Varner v. DISTRICT CT. FOR FOURTH JUD. DIST.

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618 P.2d 1388 (1980)

Richard D. VARNER, Petitioner, v. The DISTRICT COURT FOR the FOURTH JUDICIAL DISTRICT, State of Colorado, and The Honorable Bernard R. Baker, as one of the Judges of the District Court, Respondents.

No. 80SA344.

Supreme Court of Colorado, En Banc.

November 3, 1980.

*1389 Bennett, Heinicke & Hollaway, Dale A. Gerlach, Colorado Springs, for petitioner.

Rector, Retherford, Mullen & Johnson, Jerry A. Retherford, Neil C. Bruce, Colorado Springs, for respondents.

QUINN, Justice.

The petitioner, Richard D. Varner, in this original proceeding under C.A.R. 21 seeks an order directing the district court of El Paso County to grant a motion to amend his complaint. We issued a rule to show cause and now make the rule absolute.

The pending litigation in the district court involves the purchase and subsequent repossession of a pickup truck. Realizing that the merits of this controversy must await final resolution at trial, we outline only those facts that are necessary to an understanding of the procedural issue raised by this proceeding.

On or about March 5, 1975, the petitioner entered into a purchase contract with Daniels Motor Company (DMC) for a new 1975 Chevrolet pickup truck. As part of the contract the petitioner made a down payment of $256.35 and traded in his 1965 GMC pickup truck, leaving a balance due of $3,289.70. Shortly after taking possession of the pickup truck, petitioner experienced mechanical difficulties which DMC would not or could not repair. On March 31, 1975, DMC took possession of the pickup truck without petitioner's knowledge, even though it had no security interest in the vehicle. Thereafter DMC refused to return the repossessed vehicle, the trade-in truck, or petitioner's initial cash payment of $256.35.

Petitioner obtained the services of an attorney in the latter part of March 1975. However, the attorney, over petitioner's protest, delayed filing a complaint against DMC until May 1979. Shortly after the filing of an answer by DMC, and before the case had been set for trial, petitioner discharged his attorney and engaged the services of present counsel. Petitioner's new attorney immediately requested leave under C.R.C.P. 15 to file an amended complaint due to the failure of the original complaint to set forth clearly the nature of petitioner's claims for relief and the inclusion of erroneous factual allegations therein. The motion to amend sought to plead separate claims for breach of contract, conversion, breach of warranty, and outrageous conduct, all of which arose out of the transaction involving the sale and repossession of the 1975 Chevrolet pickup truck.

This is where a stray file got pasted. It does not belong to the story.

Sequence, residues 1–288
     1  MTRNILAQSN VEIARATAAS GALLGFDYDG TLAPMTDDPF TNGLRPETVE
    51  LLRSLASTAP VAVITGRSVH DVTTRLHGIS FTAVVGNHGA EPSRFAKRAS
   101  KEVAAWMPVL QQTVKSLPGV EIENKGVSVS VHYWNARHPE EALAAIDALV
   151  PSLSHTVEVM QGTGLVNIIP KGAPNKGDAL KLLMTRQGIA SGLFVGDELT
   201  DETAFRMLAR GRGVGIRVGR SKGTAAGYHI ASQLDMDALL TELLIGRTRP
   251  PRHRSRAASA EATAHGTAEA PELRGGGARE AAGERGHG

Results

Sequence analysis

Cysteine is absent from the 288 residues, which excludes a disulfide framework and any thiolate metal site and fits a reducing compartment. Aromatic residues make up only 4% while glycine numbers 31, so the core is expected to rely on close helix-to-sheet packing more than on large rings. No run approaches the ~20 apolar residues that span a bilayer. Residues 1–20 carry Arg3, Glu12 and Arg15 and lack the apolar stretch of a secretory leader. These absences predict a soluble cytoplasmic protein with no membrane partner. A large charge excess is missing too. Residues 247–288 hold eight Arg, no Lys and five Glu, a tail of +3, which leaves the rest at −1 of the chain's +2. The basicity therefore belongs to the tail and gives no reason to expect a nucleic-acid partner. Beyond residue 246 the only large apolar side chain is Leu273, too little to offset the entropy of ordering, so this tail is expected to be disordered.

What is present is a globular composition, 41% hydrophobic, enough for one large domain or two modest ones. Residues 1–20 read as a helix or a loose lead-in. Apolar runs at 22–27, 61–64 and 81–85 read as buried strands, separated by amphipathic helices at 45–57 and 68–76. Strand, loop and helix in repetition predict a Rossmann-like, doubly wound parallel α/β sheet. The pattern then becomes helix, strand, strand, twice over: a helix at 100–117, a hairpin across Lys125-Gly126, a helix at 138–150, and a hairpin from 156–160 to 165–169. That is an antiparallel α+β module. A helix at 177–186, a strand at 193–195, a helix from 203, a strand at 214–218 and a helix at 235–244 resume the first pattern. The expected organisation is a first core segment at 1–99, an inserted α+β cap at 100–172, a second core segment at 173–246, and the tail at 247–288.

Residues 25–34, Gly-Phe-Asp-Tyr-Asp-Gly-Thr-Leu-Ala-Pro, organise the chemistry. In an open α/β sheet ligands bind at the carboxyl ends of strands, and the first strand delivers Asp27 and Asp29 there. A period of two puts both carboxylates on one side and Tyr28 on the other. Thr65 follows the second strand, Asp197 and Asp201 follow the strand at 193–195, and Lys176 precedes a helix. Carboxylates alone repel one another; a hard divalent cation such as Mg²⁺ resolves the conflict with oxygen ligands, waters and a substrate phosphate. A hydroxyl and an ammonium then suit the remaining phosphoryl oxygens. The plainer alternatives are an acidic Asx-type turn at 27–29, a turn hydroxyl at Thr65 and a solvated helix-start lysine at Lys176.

The respondent court heard the petitioner's motion to amend on July 2, 1980. Both parties admitted during the hearing that the original complaint was poorly drafted and that the issues underlying the complaint were not clearly identified. Petitioner's attorney also pointed out that the original complaint erroneously stated that the petitioner had returned the 1975 Chevrolet *1390 pickup truck to DMC when in fact DMC repossessed that vehicle without the petitioner's consent. The trial court denied the motion to amend and gave no reason for its ruling. Thereafter, the petitioner commenced an original proceeding in this court.

Although original proceedings are not designed as a substitute for appeal, e. g., Vaughn v. District Court, 192 Colo. 348, 559 P.2d 222 (1977); First National Bank v. District Court, 164 Colo. 9, 432 P.2d 1 (1967), we have exercised our original jurisdiction under C.A.R. 21 when a procedural ruling will have significant effect on a party's ability to litigate the merits of the controversy. E. g., People v. District Court, Colo., 612 P.2d 87 (1980); Bobrick v. Sanderson, 164 Colo. 46, 432 P.2d 242 (1967); see Seymour v. District Court, 196 Colo. 102, 580 P.2d 302 (1978); Phillips v. District Court, 194 Colo. 455, 573 P.2d 553 (1978); Chicago Cutlery Co. v. District Court, 194 Colo. 10, 568 P.2d 464 (1977). The respondent court's denial of petitioner's motion to amend is such a ruling and justifies our exercise of original jurisdiction under the circumstances present here.